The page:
This blog post summarizes the overview of LINQ.
Below are the new features been introduced in Orcas
§ Automatic Properties
§ Object Initializers
§ Collection Initializers
§ Extesnion Methods
§ Lambda Expressions - p => expressions
§ Query Syntax
§ Anonymous Types
§ Var Keyword
These language features help in making query against relational data. This overall querying programming model is called as "LINQ" - which stands for .NET Language Integrated Query.
LINQ Features list:
· LINQ can be used with any data source.
· LINQ can express efficient query behavior in many programming language of choice.
· LINQ can optionally Transform/Shape data query results into whatever format you want, and then easily manipulate the results.
· LINQ-enabled languages can provide Full Type-Safety And Compile-Time Checking of query expressions.
· LINQ-enabled development tools can provide full intellisense, debugging, and rich refactoring support when writing LINQ code.
· LINQ supports a very rich extensibility model that facilitates the creation of very efficient domain-specific operators for data sources.
· The "Orcas" version of the .NET Framework ships with built-in libraries that enable LINQ support against Objects, XML, and Databases.
LINQ to SQL
· It is an O/RM (object relational mapping) implementation that ships in the .NET Framework "Orcas" release, and allows us to MODEL A RELATIONAL DATABASE USING .NET CLASSES.
· These classes are typically referred to as "Entity Classes" and instances of them are called "Entities". Entity classes map to tables within a database. The properties of entity classes typically map to the table's columns. Each instance of an entity class then represents a row within the database table.
· We can then query/ update/insert/delete the database using LINQ.
· It fully supports transactions, views, and stored procedures.
· It also provides an easy way to integrate data validation and business logic rules into your data model.
· "Orcas" ships with a LINQ to SQL designer (.dbml) that provides an easy way to model and visualize a database as a LINQ to SQL object model.
· This designer has two parts. The Let Part (Broader one) contains Tables and the right part (Narrow one) contains SP, Functions.
· For each LINQ to SQL designer file added to our solution, a custom DataContext class will also be generated.
· This DataContext class is the main conduit by which the entities (Entity Classes) from the DB are queried and as well as apply changes.
· The DataContext class created will have properties that represent each Table we modeled within the database, as well as methods for each Stored Procedure we added.
· Do not have to derive from a specific base class.
· All classes created using the LINQ to SQL designer are defined as "partial classes" - which means that you can optionally drop into code and add additional properties, methods and events to them.
· Unlike the DataSet/TableAdapter feature provided in VS 2005, when using the LINQ to SQL designer you do not have to specify the SQL queries to use when creating your data model and access layer. Instead, you focus on defining your entity classes, how they map to/from the database, and the relationships between them. The LINQ to SQL OR/M implementation will then take care of generating the appropriate SQL execution logic for you at runtime when you interact and use the data entities. You can use LINQ query syntax to expressively indicate how to query your data model in a strongly typed way.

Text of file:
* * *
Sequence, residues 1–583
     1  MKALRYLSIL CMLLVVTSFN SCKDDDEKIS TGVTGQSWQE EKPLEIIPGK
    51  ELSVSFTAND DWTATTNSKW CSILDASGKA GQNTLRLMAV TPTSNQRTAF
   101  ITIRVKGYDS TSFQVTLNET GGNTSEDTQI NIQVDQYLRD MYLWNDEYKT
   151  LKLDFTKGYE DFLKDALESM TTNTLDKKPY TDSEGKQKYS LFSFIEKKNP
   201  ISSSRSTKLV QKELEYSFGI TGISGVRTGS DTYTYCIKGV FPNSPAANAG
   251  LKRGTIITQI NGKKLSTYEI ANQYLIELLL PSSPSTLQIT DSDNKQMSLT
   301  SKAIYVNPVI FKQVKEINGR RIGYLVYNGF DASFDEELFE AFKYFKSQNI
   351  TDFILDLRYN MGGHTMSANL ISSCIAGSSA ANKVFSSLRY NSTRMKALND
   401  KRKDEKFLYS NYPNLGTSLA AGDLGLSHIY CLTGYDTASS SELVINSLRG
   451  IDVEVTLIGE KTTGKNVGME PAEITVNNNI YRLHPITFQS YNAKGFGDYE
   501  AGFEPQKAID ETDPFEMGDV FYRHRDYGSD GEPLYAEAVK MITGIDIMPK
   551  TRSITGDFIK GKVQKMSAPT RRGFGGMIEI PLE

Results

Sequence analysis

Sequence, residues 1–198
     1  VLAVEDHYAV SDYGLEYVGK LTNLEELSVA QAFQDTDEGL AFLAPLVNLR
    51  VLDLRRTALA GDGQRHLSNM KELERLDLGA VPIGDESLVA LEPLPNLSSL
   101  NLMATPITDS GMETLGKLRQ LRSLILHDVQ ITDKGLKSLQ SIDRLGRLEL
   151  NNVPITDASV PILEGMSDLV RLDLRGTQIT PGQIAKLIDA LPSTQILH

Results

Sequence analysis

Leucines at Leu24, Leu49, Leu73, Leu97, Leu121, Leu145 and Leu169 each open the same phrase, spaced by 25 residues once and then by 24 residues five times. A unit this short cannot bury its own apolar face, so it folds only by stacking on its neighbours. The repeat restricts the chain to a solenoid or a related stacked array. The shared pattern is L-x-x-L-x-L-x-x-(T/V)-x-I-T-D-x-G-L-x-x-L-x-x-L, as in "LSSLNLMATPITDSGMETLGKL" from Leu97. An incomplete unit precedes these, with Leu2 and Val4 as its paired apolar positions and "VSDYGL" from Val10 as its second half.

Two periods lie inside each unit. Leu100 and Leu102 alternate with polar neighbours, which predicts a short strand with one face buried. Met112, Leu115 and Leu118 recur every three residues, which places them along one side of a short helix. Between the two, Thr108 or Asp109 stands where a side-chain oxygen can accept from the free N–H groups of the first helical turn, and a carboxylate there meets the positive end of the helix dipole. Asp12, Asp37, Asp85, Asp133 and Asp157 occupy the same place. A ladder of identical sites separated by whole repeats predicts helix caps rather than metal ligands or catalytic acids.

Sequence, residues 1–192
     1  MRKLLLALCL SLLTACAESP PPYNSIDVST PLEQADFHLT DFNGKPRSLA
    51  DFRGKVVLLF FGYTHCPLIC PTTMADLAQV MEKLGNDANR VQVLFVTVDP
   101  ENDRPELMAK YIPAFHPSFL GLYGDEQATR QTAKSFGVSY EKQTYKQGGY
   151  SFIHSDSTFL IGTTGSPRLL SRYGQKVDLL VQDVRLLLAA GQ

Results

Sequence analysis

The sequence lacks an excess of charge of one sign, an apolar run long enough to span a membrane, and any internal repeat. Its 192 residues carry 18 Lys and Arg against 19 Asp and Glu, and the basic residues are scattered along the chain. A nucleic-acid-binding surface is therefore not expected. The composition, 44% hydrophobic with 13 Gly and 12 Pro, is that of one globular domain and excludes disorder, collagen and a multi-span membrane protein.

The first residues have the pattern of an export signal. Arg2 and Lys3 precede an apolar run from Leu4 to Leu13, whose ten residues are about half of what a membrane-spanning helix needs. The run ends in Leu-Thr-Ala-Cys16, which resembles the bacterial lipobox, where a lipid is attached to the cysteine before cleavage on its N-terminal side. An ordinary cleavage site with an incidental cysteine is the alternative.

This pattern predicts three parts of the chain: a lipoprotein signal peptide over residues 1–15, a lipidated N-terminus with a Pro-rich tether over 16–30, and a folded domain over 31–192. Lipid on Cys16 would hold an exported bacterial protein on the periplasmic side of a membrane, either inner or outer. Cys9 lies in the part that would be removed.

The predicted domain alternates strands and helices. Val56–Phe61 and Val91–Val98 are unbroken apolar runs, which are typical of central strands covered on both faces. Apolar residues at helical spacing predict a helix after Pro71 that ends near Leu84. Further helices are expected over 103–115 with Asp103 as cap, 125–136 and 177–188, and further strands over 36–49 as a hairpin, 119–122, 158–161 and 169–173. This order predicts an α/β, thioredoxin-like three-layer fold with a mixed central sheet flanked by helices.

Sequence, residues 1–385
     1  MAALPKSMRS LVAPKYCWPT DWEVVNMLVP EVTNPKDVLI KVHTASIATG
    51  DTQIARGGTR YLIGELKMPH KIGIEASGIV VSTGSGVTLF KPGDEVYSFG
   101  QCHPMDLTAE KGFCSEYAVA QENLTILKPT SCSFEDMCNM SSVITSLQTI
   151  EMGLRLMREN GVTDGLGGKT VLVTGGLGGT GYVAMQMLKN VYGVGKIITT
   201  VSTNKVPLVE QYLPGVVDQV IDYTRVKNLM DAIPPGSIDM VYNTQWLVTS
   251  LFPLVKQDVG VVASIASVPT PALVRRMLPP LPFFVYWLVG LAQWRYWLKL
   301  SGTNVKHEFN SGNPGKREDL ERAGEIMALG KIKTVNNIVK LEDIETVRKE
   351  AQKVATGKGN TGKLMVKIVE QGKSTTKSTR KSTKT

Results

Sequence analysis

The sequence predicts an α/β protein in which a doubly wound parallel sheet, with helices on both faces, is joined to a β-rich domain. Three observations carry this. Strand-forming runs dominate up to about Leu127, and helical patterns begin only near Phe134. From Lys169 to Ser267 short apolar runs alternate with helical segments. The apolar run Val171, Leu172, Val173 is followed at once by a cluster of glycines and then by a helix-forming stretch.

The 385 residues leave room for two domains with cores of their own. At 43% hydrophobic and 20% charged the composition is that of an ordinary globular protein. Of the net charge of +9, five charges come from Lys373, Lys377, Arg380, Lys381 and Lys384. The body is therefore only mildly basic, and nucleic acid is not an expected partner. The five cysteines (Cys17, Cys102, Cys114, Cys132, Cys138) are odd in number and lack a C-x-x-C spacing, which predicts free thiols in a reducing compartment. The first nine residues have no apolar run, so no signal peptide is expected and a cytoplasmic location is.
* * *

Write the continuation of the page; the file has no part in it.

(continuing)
Naming and Pluralization
· To notice LINQ to SQL designer automatically "pluralizes" the various table and column names when it creates entity classes based on your database schema.
· i.e. The "Products" table resulted in a "Product" class, and the "Categories" table resulted in a "Category" class. This class naming helps make our models consistent with the .NET naming conventions.
· We can change the name of a class or property that the designer generates. This ability to have entity/property/association names be different from your database schema ends up being Very Useful in a number of cases. In particular:
· When your backend database table/column schema names change. Because your entity models can have different names from the backend schema, you can decide to just update your mapping rules and not update your application or query code to use the new table/column name.
· When you have database schema names that aren't very "clean". For example, rather than use "au_lname" and "au_fname" for the property names on an entity class, you can just name them to "LastName" and "FirstName" on your entity class and develop against that instead (without having to rename the column names in the database).
· When you drag objects from the server explorer onto the LINQ to SQL designer, Visual Studio will inspect the primary key/foreign key relationships of the objects, and based on them Automatically Create default "relationship associations" between the different entity classes it creates.
· If you don't like how the designer has modeled or named an association, you can always override it. Just click on the association arrow within the designer and access its properties via the property grid to rename, delete or modify it.
Hope this helps.
Thanks & Regards,
Arun Manglick || Tech Lead